MEMPHIS, Tenn — MEMPHIS, Tenn. (localmemphis.com) - Our hospitals are all under the worst strain since the pandemic started.
Record numbers of patients are filling their beds.
Making matters worse there are staff shortages to care for all those patients.
“When we see a large the number of cases even during the flu season, we see a large number of cases,” said Dr. Manoj Jain, an infectious disease expert who’s on the COVID-19 Task Force. “There’s always a strain on both the physical beds as well as the staff personnel who staff those beds.”
According to the health department, 93% of all hospital acute care beds in the metro area hospitals are being utilized, leaving 176 available.
For ICU beds, there's a 90% utilization rate with just 43 currently available.
“At present, the hospitals are taking in the patients,” Jain said. “There are rooms in the hospitals to manage. There are also elective surgeries at some of the hospitals which are being stopped or postponed.”
But the decision about using the alternative care site, the old Commercial Appeal building on Union Avenue, will be made at a higher level.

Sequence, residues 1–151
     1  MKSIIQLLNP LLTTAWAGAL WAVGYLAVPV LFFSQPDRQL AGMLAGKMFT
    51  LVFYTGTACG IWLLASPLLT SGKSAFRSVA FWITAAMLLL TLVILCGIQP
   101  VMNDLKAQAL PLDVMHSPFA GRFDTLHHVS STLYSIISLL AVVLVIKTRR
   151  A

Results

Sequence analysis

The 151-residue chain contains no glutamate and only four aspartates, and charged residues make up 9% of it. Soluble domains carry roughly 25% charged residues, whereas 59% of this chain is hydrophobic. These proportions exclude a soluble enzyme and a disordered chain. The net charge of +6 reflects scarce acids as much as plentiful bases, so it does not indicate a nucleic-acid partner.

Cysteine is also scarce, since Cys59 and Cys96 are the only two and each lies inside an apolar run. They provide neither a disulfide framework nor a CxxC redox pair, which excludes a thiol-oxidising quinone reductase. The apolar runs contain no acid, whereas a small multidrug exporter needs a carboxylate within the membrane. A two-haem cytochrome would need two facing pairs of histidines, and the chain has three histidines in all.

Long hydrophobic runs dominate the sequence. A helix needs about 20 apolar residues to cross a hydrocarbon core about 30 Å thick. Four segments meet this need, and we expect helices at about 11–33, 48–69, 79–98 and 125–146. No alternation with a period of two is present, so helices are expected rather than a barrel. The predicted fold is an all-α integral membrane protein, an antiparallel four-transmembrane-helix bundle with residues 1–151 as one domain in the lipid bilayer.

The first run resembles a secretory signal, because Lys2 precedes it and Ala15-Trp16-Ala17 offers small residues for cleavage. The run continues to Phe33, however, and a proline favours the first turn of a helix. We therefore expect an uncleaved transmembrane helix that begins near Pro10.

“Certainly, it’s the state that decides if that overflow facility the alternate care facility is open or not,” said Jain.
But it’s not beds that are the biggest worry for Dr. Jain.
“The real shortage this year is of staff. Not of the physical beds and there are multiple reasons why we see the shortage of staff.”
Reasons include nurses taking higher-paying jobs in other parts of the country.
Others are in quarantine due to COVID exposure or they have the virus themselves.
Dr. Jain urges people to decrease the number of interactions and social gatherings they attend reminding that doing so will help flatten the curve.
“The Unified Command Group is collaborating and communicating with Memphis hospitals and city officials on capacity planning for COVID-19 hospital patients,” said Dean Flener with TEMA.
“Opening the alternate care site will be a collaborative decision among state and local officials, to include officials in local and state executive offices and health departments, and those representing hospitals."